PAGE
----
Does my air conditioner filter out wildfire smoke? Indoor air quality questions, answered.
Air conditioning, purifiers, and even box fans can help.
When the outdoor air hangs thick with wildfire smoke, indoor air gets increasingly foul, too.
That’s because the air quality inside buildings is a direct reflection of outdoor air quality, said Ian Cull, an environmental engineer and air quality expert based in Chicago. Few buildings (with the notable exceptions of some health care and laboratory settings) are hermetically sealed to prevent them from sharing any air with the outdoors. So people breathing air inside eventually end up breathing whatever’s on the outside.
But not all buildings are created equal, and some HVAC (heating, ventilation, and air conditioning) systems do a better job of maximizing air quality than others.
I talked to Cull about how to make the best of what you have during wildfire season. Whether you have central, in-unit, or no AC — and whether you have little or lots of resources to commit to cleaning the air in your house — there are things you can do to improve the quality of the air you and yours breathe.
You can buy a small handheld or indoor air quality monitor, but really, the best indication of your indoor air quality is outdoor air quality, said Cull. “When it’s really bad, yes, you can smell it,” he said. “But even when the sight and smell goes away, there’s going to be a period of time where outdoor air pollution is still exceeding standards.”
It would be great if you could use some measurement of different components of indoor air pollution to help determine how clean and safe your indoor air is. (During a wildfire, the chief pollutant you’d want to measure would be soot particles — technically called “particulate matter.” But at other moments, it’s also important to minimize volatile organic compounds, or VOCs, which are compounds that can be toxic to human health.)
However, while there are tons of home-use air quality monitors on the market, they don’t all work as well as advertised — and it can be really hard to determine which ones do. One 2019 study showed that home monitors made by Dylos and Purple performed almost as well as professional ones.
But for most people, Cull recommends using the AirNow app or site to determine the air quality in your region, and assuming your indoor air quality more or less approximates outdoor air quality.
Then, he said, work to prevent outdoor air from flowing inward — and clean the air that’s inside.
The three most important strategies in reducing the inward flow of outdoor air are blocking its routes inward, turning off indoor exhaust systems, and minimizing ventilation.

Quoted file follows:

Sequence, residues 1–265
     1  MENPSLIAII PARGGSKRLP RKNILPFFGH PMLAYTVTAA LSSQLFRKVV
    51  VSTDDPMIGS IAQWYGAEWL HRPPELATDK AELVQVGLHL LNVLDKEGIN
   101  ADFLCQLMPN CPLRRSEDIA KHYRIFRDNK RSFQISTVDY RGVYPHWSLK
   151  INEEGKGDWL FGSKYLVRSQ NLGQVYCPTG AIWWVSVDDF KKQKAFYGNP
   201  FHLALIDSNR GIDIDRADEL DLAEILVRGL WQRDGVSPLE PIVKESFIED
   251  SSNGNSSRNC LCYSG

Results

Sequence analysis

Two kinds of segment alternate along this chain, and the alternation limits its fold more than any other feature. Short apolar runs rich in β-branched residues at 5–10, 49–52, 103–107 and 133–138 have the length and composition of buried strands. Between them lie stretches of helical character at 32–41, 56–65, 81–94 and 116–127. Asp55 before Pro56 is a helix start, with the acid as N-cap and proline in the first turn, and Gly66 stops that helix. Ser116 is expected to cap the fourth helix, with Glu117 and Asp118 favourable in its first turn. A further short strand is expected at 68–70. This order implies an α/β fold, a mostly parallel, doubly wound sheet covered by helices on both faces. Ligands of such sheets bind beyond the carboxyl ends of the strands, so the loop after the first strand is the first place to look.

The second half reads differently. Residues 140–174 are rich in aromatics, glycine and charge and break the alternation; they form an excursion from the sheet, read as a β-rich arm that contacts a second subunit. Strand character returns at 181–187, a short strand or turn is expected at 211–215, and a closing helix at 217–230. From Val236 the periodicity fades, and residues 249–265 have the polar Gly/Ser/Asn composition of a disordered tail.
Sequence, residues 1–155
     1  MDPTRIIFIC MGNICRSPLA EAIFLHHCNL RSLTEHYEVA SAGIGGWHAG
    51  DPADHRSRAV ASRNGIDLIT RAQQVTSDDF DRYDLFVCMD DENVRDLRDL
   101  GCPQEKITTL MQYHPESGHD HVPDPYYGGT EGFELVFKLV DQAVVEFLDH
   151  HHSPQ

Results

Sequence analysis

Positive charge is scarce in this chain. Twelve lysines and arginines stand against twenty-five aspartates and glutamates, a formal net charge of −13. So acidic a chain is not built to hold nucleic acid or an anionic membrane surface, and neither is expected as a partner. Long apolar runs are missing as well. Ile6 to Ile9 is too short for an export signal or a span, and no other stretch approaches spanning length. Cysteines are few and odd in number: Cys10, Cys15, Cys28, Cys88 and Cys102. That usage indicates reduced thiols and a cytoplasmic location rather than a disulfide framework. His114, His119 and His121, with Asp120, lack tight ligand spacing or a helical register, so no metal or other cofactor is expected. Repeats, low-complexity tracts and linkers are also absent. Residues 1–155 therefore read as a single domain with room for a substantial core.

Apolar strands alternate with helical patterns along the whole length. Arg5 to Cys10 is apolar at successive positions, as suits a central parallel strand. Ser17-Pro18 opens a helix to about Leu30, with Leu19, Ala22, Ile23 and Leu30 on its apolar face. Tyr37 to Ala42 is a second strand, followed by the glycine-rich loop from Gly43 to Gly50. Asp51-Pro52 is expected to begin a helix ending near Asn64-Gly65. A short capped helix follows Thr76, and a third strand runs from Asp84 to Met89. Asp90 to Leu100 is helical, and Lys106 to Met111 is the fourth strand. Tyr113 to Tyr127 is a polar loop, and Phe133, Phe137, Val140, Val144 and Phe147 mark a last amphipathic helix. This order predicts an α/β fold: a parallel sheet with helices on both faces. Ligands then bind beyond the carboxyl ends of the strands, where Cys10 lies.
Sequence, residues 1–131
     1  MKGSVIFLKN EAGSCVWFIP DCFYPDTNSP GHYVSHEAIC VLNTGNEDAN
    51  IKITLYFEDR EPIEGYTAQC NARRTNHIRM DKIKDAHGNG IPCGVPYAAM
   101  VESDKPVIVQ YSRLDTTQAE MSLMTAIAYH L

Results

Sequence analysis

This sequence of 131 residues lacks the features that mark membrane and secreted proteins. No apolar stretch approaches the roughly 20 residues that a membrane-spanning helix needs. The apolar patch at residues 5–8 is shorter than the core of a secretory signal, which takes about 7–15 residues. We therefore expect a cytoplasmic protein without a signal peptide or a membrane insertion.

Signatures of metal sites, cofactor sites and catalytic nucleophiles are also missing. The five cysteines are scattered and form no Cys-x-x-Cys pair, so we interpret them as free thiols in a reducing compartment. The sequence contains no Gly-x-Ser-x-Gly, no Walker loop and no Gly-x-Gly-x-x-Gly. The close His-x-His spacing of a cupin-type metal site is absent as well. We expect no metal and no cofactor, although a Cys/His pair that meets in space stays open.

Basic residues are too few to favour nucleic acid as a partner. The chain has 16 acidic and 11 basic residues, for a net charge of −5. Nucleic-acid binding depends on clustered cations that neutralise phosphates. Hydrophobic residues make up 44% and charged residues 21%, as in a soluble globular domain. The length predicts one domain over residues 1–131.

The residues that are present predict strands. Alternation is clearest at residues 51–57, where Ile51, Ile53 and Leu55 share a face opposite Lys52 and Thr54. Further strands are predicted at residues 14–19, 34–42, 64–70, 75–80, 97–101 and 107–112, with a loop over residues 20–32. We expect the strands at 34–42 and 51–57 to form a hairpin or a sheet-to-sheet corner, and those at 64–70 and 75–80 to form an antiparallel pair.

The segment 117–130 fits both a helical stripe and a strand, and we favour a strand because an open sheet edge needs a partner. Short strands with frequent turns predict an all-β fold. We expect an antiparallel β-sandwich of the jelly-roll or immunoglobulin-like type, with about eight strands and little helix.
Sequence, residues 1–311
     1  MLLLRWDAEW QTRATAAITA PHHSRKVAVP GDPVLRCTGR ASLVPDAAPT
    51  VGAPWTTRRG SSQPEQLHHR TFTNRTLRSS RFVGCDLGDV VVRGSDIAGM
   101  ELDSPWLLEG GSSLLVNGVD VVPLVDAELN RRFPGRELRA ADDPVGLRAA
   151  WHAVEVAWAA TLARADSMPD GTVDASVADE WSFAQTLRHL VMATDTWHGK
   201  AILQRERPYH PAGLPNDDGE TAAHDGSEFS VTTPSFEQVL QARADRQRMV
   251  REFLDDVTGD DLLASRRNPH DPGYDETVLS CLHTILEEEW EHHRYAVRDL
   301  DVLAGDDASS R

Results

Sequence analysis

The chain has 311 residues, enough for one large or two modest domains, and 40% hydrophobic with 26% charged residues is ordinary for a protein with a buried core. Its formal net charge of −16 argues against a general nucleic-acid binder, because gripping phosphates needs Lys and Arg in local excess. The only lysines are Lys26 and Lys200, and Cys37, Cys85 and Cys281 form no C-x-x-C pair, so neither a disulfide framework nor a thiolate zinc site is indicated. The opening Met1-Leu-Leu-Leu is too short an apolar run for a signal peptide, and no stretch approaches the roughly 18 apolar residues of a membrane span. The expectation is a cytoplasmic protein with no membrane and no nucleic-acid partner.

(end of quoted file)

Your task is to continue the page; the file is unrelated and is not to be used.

1. Block routes for outside air to keep it from coming in — within reason. That means closing windows and doors, and, where it’s relatively easy to do so, sealing visible crevices.
Cull said that caulking around drafty windows, or applying seasonal shrink-wrap window covering to prevent smoky air from getting in through unseen cracks, probably isn’t going to yield much additional protection. “Air finds its way in,” he said, and focusing your energy on other strategies like filtration (more on that below) is probably more effective.
But if you have a big gap to the outside that’s easily sealable with duct tape, throw some on there, he said.
2. Keep exhaust fans off. Differences in pressure between the inside and the outside are what determine how much outside air flows into your space. Exhaust fans — like the ones in bathrooms and on hoods over kitchen ranges — are designed to suck air out of the room, which creates an incentive for outside air to flow in. That’s normally a good thing, but in a smoky air situation, it’s the opposite of what you want.
3. Switch from ventilation to recirculation on any and all HVAC units. When the outdoor air is clean, we generally want it to replace stale indoor air pretty frequently. But when outdoor air quality plummets, we want to keep it out. Instead, we want to just recirculate the better-quality air that’s already inside our homes.
Doing that will look different depending on what your home uses for cooling the air — and on how much control you have over tweaking any central systems’ settings.
If you have central air, see if you can figure out how to close the fresh air intake ducts. These are generally openings on the outside of a building, often with a grill over them — and for someone not used to finding them, they can be hard to tell apart from other openings in the side of a building. Still, if you can find yours, closing them is a good first step.
If you have an in-unit (“window”) air conditioner, you likely have the option of bringing in outdoor air (often symbolized with wavy one-way arrows) or recirculating indoor air (which often is indicated with arrows running in an oval or circle). When the air outside is bad, opt to recirculate.
No matter how well-sealed your windows and doors are, some outdoor air is making it inside — and with it, the particulate matter that makes smoke such a potent irritant to eyes, noses, and throats. Continuously running your indoor air past a filter, and using the air filter with the smallest holes your system can move air through, helps keep your air as clean as possible.
Again, this will look different depending on your home’s HVAC system.